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Monday, May 15, 2017

Our own worst enemy

Adam Taylor from The Washington Post writes about the continuous threat from cyber criminals intent on planting software bombs that disrupt computing and communications.

"The culprit was “ransomware” known as WanaCryptOr 2.0, or WannaCry. It operates by encrypting a computer system and demanding a ransom to release it. This money would be paid in the digital currency bitcoin to an unknown source, who would — in theory, at least — provide a decryption key to unlock the system. To do all this, the software exploits a vulnerability in Microsoft Windows that is thought to have been first identified by the National Security Agency and was later leaked online."
The Washington Post 

One main idea not lost here is that the source of the weaponized software is the American National Security Agency that was attacked and from which its weapons were pilfered and shared for criminals and terrorists to use at will.

In that sense, we are our worst enemy. Americans invent weapons that are most dangerous when they fall into enemy hands to be used against us.


NSA, source of weaponized software




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    The Hill Technology
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    MICROSOFT CALLS OUT GOVERNMENT HACKING PRACTICES: On the heels of a widespread "ransomware" attack that may have used leaked National Security Agency hacking methods, Microsoft is calling for governments to cease stockpiling secret means of bypassing software security.

    "Repeatedly, exploits in the hands of governments have leaked into the public domain and caused widespread damage. An equivalent scenario with conventional weapons would be the U.S. military having some of its Tomahawk missiles stolen," wrote Brad Smith, president and chief legal officer at Microsoft, on a company blog Sunday evening.

    Ransomware is a type of cyberattack that encrypts a target's files, with the attacker providing the decryption key only after a ransom is paid, usually in bitcoin.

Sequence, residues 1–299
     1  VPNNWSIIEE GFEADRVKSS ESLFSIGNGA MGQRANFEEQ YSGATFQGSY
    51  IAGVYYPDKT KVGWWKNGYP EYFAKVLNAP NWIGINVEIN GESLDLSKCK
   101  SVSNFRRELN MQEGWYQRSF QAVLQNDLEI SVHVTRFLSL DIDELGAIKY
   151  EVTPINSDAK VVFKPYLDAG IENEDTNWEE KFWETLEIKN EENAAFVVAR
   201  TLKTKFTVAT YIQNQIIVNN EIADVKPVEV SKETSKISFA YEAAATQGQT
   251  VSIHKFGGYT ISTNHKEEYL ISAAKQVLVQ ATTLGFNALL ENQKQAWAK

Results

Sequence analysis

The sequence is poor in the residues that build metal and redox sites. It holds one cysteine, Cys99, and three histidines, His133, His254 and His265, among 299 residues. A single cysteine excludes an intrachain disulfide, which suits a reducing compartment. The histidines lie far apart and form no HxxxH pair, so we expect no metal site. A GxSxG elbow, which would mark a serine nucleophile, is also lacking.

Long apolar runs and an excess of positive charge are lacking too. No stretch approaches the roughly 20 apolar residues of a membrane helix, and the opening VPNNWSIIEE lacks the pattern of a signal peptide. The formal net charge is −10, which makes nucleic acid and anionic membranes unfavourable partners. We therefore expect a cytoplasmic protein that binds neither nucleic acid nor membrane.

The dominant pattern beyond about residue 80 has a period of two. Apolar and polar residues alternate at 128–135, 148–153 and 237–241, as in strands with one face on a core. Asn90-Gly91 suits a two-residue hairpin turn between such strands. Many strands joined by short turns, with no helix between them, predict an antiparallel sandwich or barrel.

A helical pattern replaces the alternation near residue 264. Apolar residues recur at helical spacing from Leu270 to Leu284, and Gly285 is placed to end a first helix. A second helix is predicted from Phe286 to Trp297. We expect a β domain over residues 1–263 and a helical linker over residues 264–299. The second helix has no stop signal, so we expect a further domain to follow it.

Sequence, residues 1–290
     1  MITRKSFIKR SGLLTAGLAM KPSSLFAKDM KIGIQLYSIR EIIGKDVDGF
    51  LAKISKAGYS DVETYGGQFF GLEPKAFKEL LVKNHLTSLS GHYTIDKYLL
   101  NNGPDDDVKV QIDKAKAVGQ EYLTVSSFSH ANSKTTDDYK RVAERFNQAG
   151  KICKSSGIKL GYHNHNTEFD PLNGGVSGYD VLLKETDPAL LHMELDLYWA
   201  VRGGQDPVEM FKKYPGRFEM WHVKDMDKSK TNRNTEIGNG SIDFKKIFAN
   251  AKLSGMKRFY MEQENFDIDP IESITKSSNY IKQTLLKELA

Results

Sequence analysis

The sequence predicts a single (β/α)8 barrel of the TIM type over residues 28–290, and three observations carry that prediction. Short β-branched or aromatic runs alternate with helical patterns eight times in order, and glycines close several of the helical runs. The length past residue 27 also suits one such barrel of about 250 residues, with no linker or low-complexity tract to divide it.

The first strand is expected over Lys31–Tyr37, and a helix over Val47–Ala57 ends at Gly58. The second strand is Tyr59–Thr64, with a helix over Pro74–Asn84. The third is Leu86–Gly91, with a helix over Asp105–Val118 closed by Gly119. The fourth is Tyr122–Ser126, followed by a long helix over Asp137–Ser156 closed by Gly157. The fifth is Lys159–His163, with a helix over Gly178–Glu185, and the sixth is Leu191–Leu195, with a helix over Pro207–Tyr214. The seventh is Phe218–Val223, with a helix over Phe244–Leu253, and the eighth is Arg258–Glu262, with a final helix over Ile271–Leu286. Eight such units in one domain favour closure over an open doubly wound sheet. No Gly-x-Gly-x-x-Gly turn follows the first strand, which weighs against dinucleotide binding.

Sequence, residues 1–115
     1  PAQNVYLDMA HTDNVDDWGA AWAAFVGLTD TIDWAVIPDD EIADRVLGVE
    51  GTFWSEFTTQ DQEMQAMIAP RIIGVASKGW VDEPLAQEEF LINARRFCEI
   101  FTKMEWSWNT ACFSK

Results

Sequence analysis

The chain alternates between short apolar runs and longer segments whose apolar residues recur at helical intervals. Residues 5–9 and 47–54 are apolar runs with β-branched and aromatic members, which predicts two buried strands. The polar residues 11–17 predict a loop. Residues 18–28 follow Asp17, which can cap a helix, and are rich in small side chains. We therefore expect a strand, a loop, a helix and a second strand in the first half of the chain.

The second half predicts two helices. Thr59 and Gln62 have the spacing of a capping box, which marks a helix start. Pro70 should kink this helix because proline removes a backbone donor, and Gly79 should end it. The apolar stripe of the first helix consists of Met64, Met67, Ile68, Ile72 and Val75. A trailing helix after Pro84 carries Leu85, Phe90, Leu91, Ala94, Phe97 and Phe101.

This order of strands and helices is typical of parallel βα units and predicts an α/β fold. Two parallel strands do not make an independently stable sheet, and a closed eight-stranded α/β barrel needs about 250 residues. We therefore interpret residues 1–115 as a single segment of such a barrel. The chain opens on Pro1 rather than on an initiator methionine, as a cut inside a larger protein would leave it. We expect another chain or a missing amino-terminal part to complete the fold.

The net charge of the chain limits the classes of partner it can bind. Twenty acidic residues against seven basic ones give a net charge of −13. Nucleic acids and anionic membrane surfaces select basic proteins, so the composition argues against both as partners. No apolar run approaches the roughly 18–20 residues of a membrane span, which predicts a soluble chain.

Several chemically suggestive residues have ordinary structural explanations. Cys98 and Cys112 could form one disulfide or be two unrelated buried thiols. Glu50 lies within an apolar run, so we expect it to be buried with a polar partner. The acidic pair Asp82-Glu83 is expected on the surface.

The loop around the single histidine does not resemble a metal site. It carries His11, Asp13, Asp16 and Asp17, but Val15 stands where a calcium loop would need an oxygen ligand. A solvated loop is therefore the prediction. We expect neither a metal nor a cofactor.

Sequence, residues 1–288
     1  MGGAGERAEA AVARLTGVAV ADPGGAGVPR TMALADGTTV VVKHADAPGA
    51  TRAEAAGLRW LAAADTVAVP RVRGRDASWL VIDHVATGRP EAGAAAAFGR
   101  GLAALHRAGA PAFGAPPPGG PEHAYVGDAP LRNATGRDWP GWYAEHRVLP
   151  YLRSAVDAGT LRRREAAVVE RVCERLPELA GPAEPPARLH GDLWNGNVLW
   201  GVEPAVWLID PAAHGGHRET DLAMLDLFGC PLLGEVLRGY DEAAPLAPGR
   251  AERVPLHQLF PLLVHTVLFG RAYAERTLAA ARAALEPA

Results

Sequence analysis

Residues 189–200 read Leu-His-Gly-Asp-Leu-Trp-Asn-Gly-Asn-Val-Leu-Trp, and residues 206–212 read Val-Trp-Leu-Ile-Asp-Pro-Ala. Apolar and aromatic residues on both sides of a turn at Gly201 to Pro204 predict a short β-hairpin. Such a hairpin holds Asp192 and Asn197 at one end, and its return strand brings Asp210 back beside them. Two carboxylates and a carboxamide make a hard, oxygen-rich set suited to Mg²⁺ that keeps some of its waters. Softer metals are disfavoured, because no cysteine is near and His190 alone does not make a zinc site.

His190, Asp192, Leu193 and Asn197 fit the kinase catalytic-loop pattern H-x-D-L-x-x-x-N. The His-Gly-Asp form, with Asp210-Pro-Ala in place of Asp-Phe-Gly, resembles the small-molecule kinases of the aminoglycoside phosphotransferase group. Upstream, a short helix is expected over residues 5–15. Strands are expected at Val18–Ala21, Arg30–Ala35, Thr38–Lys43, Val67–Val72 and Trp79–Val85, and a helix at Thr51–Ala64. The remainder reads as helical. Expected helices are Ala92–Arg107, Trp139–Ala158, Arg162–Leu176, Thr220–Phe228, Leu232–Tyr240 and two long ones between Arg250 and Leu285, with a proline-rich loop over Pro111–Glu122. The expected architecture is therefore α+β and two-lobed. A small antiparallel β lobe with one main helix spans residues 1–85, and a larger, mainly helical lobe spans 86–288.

WanaDecrypt0r, alternately known by names like Wanna Cry, has struck hundreds of thousands of computers in more than 100 nations since the attack began Friday morning. Victims range from hospitals in the United Kingdom, a telecom company in Spain, U.S.-based FedEx, and the Russian Ministry of the Interior.

    WanaDecrypt0r was so virulent in part because it used a Windows hacking tool that appears to have been stolen from the NSA and leaked by a hacking group known as the Shadow Brokers. Though Microsoft had patched the security hole in Windows, businesses often lag in installing updates for reasons including industry-specific software being incompatible with the most current version of operating systems.

    "In February [we called] for a new 'Digital Geneva Convention' to govern these issues, including a new requirement for governments to report vulnerabilities to vendors, rather than stockpile, sell, or exploit them," wrote Smith.

    By reporting bugs instead of using them to conduct cyber espionage, manufacturers would be able to increase cybersecurity for all of its users -- but that would come at the cost of intelligence and sabotage operations.

    Read more here, from our cybersecurity colleague Joe Uchill.

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